Changing family, changing benefits: Knowing when and how to update your coverage

June 05, 2019
Father and mother read a book to their babyAs life-changing events go, bringing a baby into the family qualifies as a big one, and Eric Posadas was about as prepared for it—benefits-wise—as he could be.

Posadas, a cybersecurity analyst at Texas Parks and Wildlife Department (TPWD), attended a Summer Enrollment fair a good six months before his son was born to find out which benefits could best protect his growing family’s health and financial well-being.

He started with reviewing his health insurance elections. “I was enrolled in HealthSelect of Texas® and I wanted to verify that my wife, Jodi, was enrolled,” Posadas said. She was, but if she hadn’t been, Posadas would have added her to the plan during his Summer Enrollment phase. “Jodi’s pregnancy was considered to be a high-risk—and HealthSelect has great pre-natal care,” Posadas explained. The couple knew that Jodi would need specialists’ care, “and HealthSelect covered much of that.”

Mother and father holding new babyThe dad-to-be then reviewed his optional benefits and decided to apply to increase his life insurance. “I signed up for Optional Term Life Insurance—four times my annual salary.” Posadas also opted to get short-term and long-term disability insurance through the Texas Income Protection Plan (TIPP), which he had declined in previous years. Any doubt that he needed such coverage vanished the first time he heard his baby’s heartbeat. “I just want to make sure I can provide for Noah, even if something happens to me.” (He had to go through evidence of insurability for both the increased life insurance and the TIPP disability insurance, but he passed both and now has coverage.) 

Like many a new parent, Posadas’ days since the baby’s arrival have passed in a joyful, but sleep-deprived haze. He was grateful, therefore, that adding Noah to his health plan was “easy-peasy—I just logged onto my account online and got it done.” Of course, Posadas did so within 31 days of the qualifying life event (Noah’s birth), filled out the online dependent child certification and sent in verifying documentation by the verification deadline to complete the process.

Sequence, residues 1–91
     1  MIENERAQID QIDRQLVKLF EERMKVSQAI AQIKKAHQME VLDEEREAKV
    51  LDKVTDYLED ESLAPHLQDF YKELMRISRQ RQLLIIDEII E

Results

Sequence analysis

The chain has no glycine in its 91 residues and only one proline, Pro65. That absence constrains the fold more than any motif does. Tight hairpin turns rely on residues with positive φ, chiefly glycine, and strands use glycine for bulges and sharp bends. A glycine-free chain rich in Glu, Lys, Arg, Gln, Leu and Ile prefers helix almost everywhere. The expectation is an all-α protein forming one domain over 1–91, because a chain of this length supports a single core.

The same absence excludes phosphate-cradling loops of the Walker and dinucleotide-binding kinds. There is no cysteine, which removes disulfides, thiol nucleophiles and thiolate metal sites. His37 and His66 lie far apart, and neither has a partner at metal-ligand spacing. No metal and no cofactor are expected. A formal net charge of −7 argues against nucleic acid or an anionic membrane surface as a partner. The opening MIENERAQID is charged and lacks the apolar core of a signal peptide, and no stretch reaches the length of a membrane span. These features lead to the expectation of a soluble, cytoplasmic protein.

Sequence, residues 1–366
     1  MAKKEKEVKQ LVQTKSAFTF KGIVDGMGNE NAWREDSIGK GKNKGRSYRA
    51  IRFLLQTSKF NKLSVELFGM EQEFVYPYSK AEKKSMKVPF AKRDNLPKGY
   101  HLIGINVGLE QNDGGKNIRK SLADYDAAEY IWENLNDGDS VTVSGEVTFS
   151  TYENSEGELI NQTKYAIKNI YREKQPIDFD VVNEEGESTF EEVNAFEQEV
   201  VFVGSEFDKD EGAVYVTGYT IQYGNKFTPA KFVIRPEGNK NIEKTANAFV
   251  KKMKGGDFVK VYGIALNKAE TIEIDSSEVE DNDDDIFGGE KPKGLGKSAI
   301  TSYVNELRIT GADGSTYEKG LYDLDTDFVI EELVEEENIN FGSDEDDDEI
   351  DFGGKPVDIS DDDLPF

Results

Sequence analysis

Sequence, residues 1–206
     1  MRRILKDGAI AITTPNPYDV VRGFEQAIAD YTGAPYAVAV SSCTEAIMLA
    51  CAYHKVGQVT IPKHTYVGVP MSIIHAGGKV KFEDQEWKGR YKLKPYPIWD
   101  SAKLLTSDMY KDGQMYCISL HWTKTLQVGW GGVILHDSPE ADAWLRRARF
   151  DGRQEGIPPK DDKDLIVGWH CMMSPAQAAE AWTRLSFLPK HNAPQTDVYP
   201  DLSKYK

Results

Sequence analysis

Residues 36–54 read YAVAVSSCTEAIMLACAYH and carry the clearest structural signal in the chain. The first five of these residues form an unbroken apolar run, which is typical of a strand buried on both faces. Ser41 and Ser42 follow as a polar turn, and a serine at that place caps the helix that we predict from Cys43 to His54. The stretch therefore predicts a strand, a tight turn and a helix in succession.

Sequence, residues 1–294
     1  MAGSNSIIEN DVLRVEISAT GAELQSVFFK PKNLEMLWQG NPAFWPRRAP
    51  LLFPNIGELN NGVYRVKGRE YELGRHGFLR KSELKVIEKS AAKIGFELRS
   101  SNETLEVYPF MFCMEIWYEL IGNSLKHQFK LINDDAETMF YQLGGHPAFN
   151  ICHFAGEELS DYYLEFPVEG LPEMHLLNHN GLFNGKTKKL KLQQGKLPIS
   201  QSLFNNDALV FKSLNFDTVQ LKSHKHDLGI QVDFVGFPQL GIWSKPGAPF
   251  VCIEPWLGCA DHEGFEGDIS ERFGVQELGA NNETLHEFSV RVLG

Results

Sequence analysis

Posadas is also thankful for a workplace that supports a work-life balance (see Cybersecurity in the natural world). “I’m in the information technology field; I could get a job in the private sector that may pay more, but I don’t want to trade a sense of community for money,” Posadas said. At TPWD, “I consider my colleagues as family.”

And, as tired as he and his wife are, Posadas says they are blissfully happy. “It’s been great, truly. We’ll happily trade a few hours of sleep for some baby snuggles any day.”
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Cybersecurity in the natural world

He’s not a game warden or park ranger, but if you visit any Texas state park, you’ll be protected, in part, by the work Eric Posadas does every day. A cybersecurity analyst at Texas Parks and Wildlife (TPWD), Posadas (along with the rest of his cybersecurity team) helps safeguard any personal information you may have to share with the agency.

“When a Texan goes camping, for example, they have to provide the license number of the vehicle they drive into the park; they may also reserve their camping spot by paying with a credit card,” Posadas explained. That’s the kind of information TPWD wants to keep secure.

A native Texan (he was raised in Muleshoe), Posadas appreciates the “great variety of environments” the state offers and has enjoyed hiking and trail running in many of those locales. As an outdoorsman, Posadas also feels right at home at TPWD. “I really believe in what we do,” he said. And, now that Posadas has a little Texan to protect, he finds even deeper meaning in helping to conserve Texas’ natural and cultural resources—especially for future generations. “It’s cool to be part of that mission.”